Monthly Archives: May 2017

Noah's Law in Maryland is important to know if you're accused of DUI or DWI

What You Need to Know About Noah’s Law in the State of Maryland

Posted by on May 12, 2017


Maryland was recently ranked as needing to do more in terms of highway safety, according to a study conducted by the advocates for highway and auto safety. Across the country, fatal vehicle accidents claimed the lives of more than 35,000 individuals in 2015 but in Maryland, nearly 6,000 people have been killed on roads throughout the state. The study classified Maryland with a yellow rating identifying that there are critical laws on the books but that there could be more. One of the most recent acts on the book is known as Noah’s Law named after Montgomery police officer, Noah Liotta. Noah Liotta was struck by a drunk driver and the law makes it so that mandatory alcohol testing devices are attached to a car’s ignition after a DUI conviction. In the state of Maryland if your blood alcohol content is 0.15 or higher and you are convicted as a first-time offender, you will have a 180-day suspension of your license without the opportunity for conditional driving situations. The ignition interlock device will be automatically installed in this situation. If you refuse a breathalyzer test during a stop for suspected DUI, the penalties will increase automatically by suspending your license for 270 days with no modifications and/or you will have to have an ignition interlock device installed. Under this new

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DUI and DWI are unique charges in Maryland

What is the Difference Between a DUI and a DWI in the State of Maryland?

Posted by on May 12, 2017


It can be confusing to hear that there are both DWI and DUI charges in the state of Maryland. That is because not every state across the country will have separate DWI and DUI charges. People may use these terms interchangeably but this could generate confusion in the state of Maryland because Maryland is extremely unique in this way. Each of these charges is distinct across Maryland and can lead to different penalties as well. Typically, a defendant who is arrested will be given a citation for both DUI and DWI. Usually the state will pursue charges on a DWI if the offer did not obtain a breath result or if the breath result reads between 0.07 to 0.08. However, in the event that your breath result test is 0.08 or higher, the state will usually move forward with a DUI charge. A DWI represents driving while intoxicated and it’s considered somewhat less serious than a DUI. DWI is usually applied when you breath test under .08 but are still classified as impaired. A DUI, however, is a more serious charge in the state of Maryland. Driving under the influence of alcohol is the charge typically applied if you have a blood alcohol level content of 0.08 or higher. A DWI has a max jail time of 2 months but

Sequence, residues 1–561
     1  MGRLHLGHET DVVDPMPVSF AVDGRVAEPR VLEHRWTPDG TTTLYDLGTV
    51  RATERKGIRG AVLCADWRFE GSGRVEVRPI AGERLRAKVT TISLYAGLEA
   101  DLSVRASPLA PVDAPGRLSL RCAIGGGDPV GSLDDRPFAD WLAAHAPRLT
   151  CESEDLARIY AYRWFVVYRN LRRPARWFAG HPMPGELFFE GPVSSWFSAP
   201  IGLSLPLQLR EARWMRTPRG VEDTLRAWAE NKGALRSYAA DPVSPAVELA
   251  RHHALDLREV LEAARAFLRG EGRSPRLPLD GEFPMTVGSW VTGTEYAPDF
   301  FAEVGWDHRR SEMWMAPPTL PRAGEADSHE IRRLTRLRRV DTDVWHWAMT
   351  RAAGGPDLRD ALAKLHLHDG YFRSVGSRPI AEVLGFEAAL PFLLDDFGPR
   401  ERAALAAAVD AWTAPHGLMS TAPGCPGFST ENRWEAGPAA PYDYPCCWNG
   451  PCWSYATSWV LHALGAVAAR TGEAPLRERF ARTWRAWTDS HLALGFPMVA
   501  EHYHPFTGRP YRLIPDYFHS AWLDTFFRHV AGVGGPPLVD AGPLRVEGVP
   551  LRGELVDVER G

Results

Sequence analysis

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Being arrested for possessing hallucinogens in Maryland is serious

What You Need to Know About Illegal Hallucinogen Charges in Maryland

Posted by on May 9, 2017


Common illegal hallucinogenic drugs include Psilocybin, also referred to as mushrooms, Peyote, MDMA or Mescaline. MDMA is the official chemical name of ecstasy, may also be referred to as “molly”. State drug enforcement officers in Maryland as well as the Drug Enforcement Agency have put a greater emphasis on making arrests for illegal hallucinogenic drugs such as ecstasy in recent years. Simple possession of these drugs is a misdemeanor that can be punished with up to $25,000 in fines and up to four years in prison. Marijuana can also be classified as a hallucinogen. However, the maximum sentence for possession of marijuana is much less at one year in jail. Due to ongoing lobbying at the state and national level, Maryland has unique and separate marijuana laws with less severe penalties that other illegal drugs. Less than 30 substances are currently classified as illegal hallucinogens in the state of Maryland but new hallucinogens can be classified as illegal if there is a high potential for abuse and the substance itself is unsafe. Consulting with an experienced Bethesda, Maryland drug possession attorney as soon as possible after you’ve been accused may be the only way to protect yourself in the serious consequences of a conviction. In addition to arrest levels increasing for drugs like ecstasy, prescription oxycodone has also been a

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